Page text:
Investor sentiment was lifted by new details about the first human study of Moderna’s coronavirus vaccine.
U.S. Stock Futures Rise After Promising Vaccine Study
| le 15 July 2020
Shares in Goldman Sachs rose after the bank reported earnings that beat analysts’ expectations
By Joe Wallace – The Wall Street Journal
U.S. stock futures rose Wednesday as investors cheered promising results from the study of an experimental coronavirus vaccine while reviewing earnings from more of the nation’s biggest financial companies.
Futures tied to the S&P 500 advanced 1.3%, signaling a second day of gains for the benchmark index. European stocks also jumped, led by travel-and-leisure companies. Shares fell in China after President Trump signed into law a sanctions bill to punish Chinese officials over Beijing’s crackdown on Hong Kong.
Investor sentiment was lifted by new details released late Tuesday about the first human study of Moderna’s vaccine. The results showed that the vaccine induced the desired immune response for all 45 people evaluated. Researchers said the study reinforced their decision to take the shot into a large, decisive clinical trial scheduled to start in late July.
Shares of Moderna shot up 14% in premarket trading.
“Every time we get some sort of positive news on the vaccine front, then understandably markets benefit from that,” said Paul Jackson, head of asset-allocation research at Invesco. “The way it’s looking at the moment, it really looks as though a vaccine is the only hope. This thing is not going away.”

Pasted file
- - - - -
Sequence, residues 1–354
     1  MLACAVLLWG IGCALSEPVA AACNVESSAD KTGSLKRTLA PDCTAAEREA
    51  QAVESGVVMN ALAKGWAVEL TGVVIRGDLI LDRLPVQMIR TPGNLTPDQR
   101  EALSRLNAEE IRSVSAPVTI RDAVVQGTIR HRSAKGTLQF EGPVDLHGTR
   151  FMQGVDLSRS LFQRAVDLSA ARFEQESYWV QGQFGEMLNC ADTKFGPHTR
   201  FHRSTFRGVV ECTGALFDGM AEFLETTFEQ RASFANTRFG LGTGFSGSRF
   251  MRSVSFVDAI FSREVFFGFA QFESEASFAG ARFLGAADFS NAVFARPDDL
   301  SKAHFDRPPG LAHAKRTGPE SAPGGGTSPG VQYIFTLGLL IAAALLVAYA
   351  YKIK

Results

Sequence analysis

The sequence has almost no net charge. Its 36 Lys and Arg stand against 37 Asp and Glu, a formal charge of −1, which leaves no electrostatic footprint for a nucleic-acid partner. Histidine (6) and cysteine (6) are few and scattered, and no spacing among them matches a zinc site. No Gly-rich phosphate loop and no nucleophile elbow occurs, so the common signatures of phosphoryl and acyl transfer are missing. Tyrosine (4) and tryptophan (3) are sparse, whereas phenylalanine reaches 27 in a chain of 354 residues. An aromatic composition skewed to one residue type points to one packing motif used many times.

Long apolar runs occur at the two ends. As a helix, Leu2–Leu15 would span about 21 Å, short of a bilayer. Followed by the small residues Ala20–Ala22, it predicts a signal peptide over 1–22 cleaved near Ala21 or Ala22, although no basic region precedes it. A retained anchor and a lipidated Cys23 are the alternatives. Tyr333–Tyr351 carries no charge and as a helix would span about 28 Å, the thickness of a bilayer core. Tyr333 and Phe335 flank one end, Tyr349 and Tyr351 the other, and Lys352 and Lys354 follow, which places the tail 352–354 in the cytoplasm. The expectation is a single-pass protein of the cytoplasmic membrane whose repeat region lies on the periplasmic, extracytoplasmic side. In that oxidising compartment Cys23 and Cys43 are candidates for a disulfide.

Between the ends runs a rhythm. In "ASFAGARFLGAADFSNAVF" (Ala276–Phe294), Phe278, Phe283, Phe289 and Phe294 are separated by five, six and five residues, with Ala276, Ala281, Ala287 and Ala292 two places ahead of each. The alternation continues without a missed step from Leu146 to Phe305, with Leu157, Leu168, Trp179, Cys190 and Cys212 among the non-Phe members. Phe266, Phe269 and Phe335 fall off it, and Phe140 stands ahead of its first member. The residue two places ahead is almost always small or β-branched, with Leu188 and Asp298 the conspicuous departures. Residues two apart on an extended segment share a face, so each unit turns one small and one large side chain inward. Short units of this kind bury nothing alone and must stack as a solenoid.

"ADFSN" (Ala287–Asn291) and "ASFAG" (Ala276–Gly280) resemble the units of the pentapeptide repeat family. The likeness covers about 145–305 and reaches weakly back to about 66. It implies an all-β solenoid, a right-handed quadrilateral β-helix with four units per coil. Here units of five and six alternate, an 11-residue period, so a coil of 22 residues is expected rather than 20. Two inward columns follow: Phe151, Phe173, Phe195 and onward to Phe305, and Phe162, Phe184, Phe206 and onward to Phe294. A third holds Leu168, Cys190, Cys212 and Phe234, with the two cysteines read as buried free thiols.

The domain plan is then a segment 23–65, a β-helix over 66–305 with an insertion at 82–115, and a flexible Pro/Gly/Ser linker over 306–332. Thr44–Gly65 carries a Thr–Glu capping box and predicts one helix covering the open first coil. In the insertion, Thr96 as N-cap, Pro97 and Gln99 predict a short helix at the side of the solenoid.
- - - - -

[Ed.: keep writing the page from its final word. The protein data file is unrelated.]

Dr. Anthony Fauci, the government’s top infectious-disease expert, said the large study could yield an answer by year-end about whether the vaccine induced immune responses sufficient to protect people safely from Covid-19. A positive answer would clear the way for wider use and potentially help curb the pandemic.
Coronavirus infections and deaths continued to climb in the U.S. Tuesday, with several states hitting records. Florida reported 132 new coronavirus-related deaths, its highest single-day tally since the pandemic began, and 9,194 new cases.
Ahead of the opening bell in New York, shares in Goldman Sachs GS +2.67% Group gained 5.9% after the bank’s quarterly profit held steady from a year ago. Goldman’s results bucked those of larger commercial lenders that saw earnings plummet as the coronavirus tore through the U.S. economy.
Shares in U.S. Bancorp rose 4.2% premarket after the bank reported second-quarter earnings that beat analyst expectations.
Shares in Apple climbed 1.4% premarket after the tech company won a major legal battle with the European Union. The bloc’s second-highest court sided with the U.S. company over a €13 billion ($14.8 billion) tax bill that EU antitrust officials had said the U.S. company owed to Ireland.
Meanwhile, U.S. industrial production continued to recover in June, the Federal Reserve said. Production rose 5.4%, accelerating from the 1.4% growth recorded in May.
Overseas, the Stoxx Europe 600 rose 1.7%, with gains for airline and cruise-line stocks. China’s Shanghai Composite Index fell 1.6% and Hong Kong’s Hang Seng closed largely flat after Mr. Trump signed the bipartisan sanctions bill into law.
The legislation requires sanctions targeting Chinese officials who crack down on the rights of Hong Kong residents to free speech and peaceful assembly, as well as the banks that do business with those officials. The president also said he had signed an executive order that would end preferential treatment for Hong Kong, a blow to its status as a financial center.
Oil prices fell as a committee at the Organization of the Petroleum Exporting Countries met to debate the group’s current and future production. Brent-crude futures slipped 0.2% to $42.82 a barrel, reversing earlier gains.
In a sign of the upbeat mood among investors, the yield on 10-year Treasury notes rose to 0.650%, from 0.614% Tuesday. The WSJ Dollar Index, which tracks the dollar against a basket of other currencies, slipped 0.4%.